Iowa Hawkeyes guard Peter Jok will at least explore the possibility of going to the NBA by entering his name for the 2016 draft without hiring an agent.
Jok announced his decision Thursday in a release through the school, per HawkCentral.com's Chad Leistikow, but it doesn't necessarily mean he's going to the pros. Leistikow refers to a new rule that allows underclassmen to go through the NBA combine process with the chance to still return to school.
As long as Jok doesn't hire an agent, he'll be permitted to participate in the combine as he determines what to do with his basketball future.
Leistikow's report featured a statement from Jok on the situation:
I would like to take advantage of the opportunity that is now presented to underclassmen in going through the process of obtaining input from NBA personnel so that I can make an informed decision about my future. For me, this whole process is for experience to see how it all works and then return to work on my game. It's comforting having the support of coach (Fran) McCaffery and staff. Coach will continue to be a valuable resource for me during this process. If it's not the right time for me to make the move to the NBA, I'm excited about returning and leading our team next season.
The Hawkeyes lost to Villanova in the NCAA tournament's round of 32 but saw Jok step up in a big way as a junior. He finished second on the squad with 16.1 points per contest and shot 40.2 percent from three-point range.
ESPN.com's Jeff Goodman felt Jok made the right call in light of the new rules:
Iowa's Peter Jok testing the waters and declaring for the draft -- without an agent. Why not?— Jeff Goodman (@GoodmanESPN) March 24, 2016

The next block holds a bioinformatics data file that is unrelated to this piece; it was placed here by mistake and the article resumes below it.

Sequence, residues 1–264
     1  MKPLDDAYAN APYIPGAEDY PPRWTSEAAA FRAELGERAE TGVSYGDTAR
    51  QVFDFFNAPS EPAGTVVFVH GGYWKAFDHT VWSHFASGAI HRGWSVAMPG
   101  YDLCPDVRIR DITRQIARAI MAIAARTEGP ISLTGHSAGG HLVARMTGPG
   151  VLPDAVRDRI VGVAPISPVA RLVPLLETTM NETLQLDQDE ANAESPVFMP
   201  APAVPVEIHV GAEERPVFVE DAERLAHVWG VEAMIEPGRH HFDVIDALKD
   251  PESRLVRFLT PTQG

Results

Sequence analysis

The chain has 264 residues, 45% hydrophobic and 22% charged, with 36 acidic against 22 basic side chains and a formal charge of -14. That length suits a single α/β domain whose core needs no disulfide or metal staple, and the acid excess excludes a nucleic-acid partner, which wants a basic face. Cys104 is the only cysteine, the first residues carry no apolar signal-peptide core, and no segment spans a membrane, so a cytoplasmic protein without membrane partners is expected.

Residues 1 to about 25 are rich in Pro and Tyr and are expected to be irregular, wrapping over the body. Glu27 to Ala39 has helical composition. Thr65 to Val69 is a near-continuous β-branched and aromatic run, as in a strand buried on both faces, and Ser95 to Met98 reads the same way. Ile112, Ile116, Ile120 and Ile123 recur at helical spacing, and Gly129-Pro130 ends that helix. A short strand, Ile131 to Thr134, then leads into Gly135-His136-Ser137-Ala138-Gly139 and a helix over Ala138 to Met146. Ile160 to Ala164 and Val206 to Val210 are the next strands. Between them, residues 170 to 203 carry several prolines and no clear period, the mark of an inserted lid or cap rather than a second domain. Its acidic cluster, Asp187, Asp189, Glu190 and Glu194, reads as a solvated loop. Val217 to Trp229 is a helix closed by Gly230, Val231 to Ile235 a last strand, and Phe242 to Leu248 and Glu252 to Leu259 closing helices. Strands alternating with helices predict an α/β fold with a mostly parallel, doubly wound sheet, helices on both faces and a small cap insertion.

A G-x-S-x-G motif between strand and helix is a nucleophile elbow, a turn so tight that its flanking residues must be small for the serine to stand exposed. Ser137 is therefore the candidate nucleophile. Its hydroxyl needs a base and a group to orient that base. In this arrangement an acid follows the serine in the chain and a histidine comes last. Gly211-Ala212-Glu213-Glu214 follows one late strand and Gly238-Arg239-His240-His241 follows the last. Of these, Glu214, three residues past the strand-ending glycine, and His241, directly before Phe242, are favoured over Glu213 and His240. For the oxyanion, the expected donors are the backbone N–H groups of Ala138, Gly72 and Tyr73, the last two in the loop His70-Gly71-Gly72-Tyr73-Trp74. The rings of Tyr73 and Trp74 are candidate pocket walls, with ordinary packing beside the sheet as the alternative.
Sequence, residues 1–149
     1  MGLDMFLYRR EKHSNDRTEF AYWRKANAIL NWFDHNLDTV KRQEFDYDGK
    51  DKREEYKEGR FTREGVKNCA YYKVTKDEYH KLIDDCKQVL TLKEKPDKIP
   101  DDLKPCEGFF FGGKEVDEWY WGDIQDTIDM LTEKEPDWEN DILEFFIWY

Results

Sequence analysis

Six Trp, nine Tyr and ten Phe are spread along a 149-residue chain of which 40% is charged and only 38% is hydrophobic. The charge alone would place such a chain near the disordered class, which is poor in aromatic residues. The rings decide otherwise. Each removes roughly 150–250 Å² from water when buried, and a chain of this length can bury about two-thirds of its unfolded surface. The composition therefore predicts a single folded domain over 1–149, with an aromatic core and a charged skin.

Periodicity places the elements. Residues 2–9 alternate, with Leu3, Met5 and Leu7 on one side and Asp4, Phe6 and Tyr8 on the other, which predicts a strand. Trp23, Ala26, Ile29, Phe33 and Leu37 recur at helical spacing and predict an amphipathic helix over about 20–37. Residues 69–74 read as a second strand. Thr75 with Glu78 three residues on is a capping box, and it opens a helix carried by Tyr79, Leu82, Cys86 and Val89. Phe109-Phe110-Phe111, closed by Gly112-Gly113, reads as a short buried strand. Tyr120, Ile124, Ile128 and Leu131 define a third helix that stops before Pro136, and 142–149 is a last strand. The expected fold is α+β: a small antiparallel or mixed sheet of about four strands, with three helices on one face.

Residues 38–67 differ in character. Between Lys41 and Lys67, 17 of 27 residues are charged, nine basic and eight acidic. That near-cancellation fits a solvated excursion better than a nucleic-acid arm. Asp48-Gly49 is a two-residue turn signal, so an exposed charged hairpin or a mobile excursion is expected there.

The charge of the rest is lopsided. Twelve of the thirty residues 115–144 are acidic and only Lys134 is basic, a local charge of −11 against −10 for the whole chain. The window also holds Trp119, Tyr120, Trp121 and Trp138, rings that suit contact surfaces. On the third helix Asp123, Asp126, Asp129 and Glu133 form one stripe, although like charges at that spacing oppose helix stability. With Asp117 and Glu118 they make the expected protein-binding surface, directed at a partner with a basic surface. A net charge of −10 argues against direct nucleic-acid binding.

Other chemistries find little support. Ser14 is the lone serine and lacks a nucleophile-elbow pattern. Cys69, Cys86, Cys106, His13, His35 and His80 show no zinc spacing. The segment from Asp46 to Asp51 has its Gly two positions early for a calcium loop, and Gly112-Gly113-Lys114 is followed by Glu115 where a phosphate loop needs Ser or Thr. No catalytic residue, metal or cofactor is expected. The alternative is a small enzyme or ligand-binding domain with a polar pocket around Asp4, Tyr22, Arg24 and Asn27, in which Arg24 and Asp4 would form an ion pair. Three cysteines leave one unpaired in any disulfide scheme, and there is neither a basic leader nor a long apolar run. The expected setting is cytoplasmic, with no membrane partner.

Iowa is already losing its 2015-16 leading scorer in Jarrod Uthoff, so it would benefit from Jok's return. The door is still wide open for that possibility, and it seems as though Jok is bound to stick around for another year of college development.
HawkeyeNation.com's Jon Miller doesn't believe Jok is quite ready to make the leap:
Peter Jok has improved immensely this year, and is a fantastic shooter. That said, I cannot imagine him getting a 1st round grade this year— Jon Miller (@HawkeyeNation) March 23, 2016
But going through at least a fair portion of the predraft process is a savvy decision for someone with NBA aspirations.
Jok will at least have a feel for what it's like, and he will know what to improve upon to ensure his game translates as well as possible to the professional level. Should he surprise scouts in workouts and see his stock soar, he won't have to worry about all of that next year anyway.
This really is a win-win situation for Jok. Should he exceed expectations and put himself in a position to get drafted, he can spend a year honing his skills in the D-League against superior competition.
Should the NBA not work out this time around, Jok will be the clear senior leader of the Hawkeyes in 2016-17 and stands to boost his stock under those circumstances anyway. Either way, it's likely to take another season for Jok to emerge as an NBA roster candidate.